Over The Top


This is an inspiring story and it holds the reader from the first page.

Good books inform and entertain. This is a good book.











NAME: Over The Top
FILE: R1540
DATE: 031108
AUTHOR: Adrian Flanagan
PUBLISHER: Weidenfeld and Nicolson, Orion
BINDING: Hard back
PAGES: 402
PRICE: GB£16.99
GENRE: Non Fiction
SUBJECT: Russian Northern Sea Route, NSR, single-handed
sailing, circumnavigation, Barrabas, Cape Horn Proliv Vil’kit-
skogo, Murmansk, Nome, Honolulu, Oahu, Hawaii, pirates,
Provideniya, Ostrov peschanyy, Ostrov Bol’shoy Begichev, Os-
trov Preobrazheniya, Tiksi, East Siberian Islands
ISBN: 978-0-297-85079-3
IMAGE: B1540.jpg
LINKS: http://tinyurl.com/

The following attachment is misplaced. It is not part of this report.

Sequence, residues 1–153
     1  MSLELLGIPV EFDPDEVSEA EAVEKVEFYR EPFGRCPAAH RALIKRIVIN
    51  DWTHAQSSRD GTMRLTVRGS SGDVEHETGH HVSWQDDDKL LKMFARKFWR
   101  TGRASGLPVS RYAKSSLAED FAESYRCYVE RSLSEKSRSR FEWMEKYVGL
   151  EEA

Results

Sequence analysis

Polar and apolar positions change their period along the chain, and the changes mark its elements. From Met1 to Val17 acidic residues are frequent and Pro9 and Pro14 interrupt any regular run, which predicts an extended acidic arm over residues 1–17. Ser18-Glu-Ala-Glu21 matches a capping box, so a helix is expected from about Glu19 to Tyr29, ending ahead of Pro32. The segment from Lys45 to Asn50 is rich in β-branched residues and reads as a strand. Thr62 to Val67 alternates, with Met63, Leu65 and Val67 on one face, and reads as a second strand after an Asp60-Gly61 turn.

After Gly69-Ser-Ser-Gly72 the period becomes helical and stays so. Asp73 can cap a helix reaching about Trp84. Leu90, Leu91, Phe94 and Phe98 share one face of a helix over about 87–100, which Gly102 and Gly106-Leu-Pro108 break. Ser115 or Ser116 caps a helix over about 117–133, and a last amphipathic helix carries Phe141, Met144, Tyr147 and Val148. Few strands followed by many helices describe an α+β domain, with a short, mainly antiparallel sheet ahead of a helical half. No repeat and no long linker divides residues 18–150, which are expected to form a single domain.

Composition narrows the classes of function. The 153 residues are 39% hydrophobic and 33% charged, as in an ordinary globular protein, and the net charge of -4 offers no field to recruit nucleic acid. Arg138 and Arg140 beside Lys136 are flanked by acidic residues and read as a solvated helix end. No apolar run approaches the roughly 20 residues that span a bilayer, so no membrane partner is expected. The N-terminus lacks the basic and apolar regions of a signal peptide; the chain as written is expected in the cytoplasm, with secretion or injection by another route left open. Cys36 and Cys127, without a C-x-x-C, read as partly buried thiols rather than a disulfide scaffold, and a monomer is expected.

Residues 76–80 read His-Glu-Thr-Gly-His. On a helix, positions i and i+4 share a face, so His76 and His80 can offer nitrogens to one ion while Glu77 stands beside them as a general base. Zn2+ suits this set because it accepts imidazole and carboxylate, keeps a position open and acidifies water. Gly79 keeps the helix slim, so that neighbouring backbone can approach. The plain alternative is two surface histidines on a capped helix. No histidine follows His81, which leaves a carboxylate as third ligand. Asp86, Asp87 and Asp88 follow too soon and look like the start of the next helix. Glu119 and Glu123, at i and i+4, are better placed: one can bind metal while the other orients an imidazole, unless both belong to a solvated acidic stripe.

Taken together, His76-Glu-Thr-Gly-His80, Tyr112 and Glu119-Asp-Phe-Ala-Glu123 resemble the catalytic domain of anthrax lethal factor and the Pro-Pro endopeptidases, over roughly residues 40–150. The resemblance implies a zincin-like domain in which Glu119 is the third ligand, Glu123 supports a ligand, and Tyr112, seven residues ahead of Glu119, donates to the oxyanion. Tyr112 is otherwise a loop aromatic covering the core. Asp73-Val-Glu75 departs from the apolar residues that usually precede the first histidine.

Good books inform and entertain. This is a good book. The author is a writer who embarked on an extraordinary adventure. The result is a well-written book. The adventure was the first attempt to complete a vertical or bi-polar circumnavigation by sea. The idea took root while the author was a teenager. The events of life conspired to delay the adventure for three decades. Many have a dream, see it delayed and never pluck up the courage to make it happen. Flanagan sets the scene with a brief and readable background to his life before the adventure. The task he set himself was considerable. He had to acquire the necessary skills of seamanship, find and equip a suitable boat and then sail his dream. That would have been a serious challenge for a novice sailor, but he planned a course that would tax the most experienced yachtsmen. It involved sailing from the South Coast of England, down through the Atlantic, past the Falkland Islands, round Cape Horn against prevailing wind and currents, north through the Pacific to the Bering Strait and then along the Russian northern coast, round the top of Norway and down the North Sea to the English Channel and back to Southampton Water. The preparation was compressed into less than a year and the expedition was largely funded by mortgaging his home and using all his savings. The voyage was full of extreme tests, not least in obtaining the first permission from the Russian Government for a single-handed sailor to transit the Russian Northern Sea Route. Flanagan’s ex-wife worked tirelessly as shore-based expedition manager to provide the resources and permissions that were essential to the circumnavigation. Along the way many people stepped forward to provide assistance and the author has acknowledged this vital support. It is an extraordinary and unique story of an ordinary person who achieved the impossible through determination and the acceptance of help when it was offered. The voyage contrasts with the heavily sponsored horizontal circumnavigations that are today common place and where incredibly expensive racing yachts are sailed by crews and solo sailors in races and speed record attempts. The author’s yacht was extraordinary, being built from exotic materials, but at 38 feet it was very similar to the yachts sailed by hundreds of families, and purchased second hand. The modification and preparation of the yacht was largely carried out by the author to stretch out limited funds. This is an inspiring story and it holds the reader from the first page.

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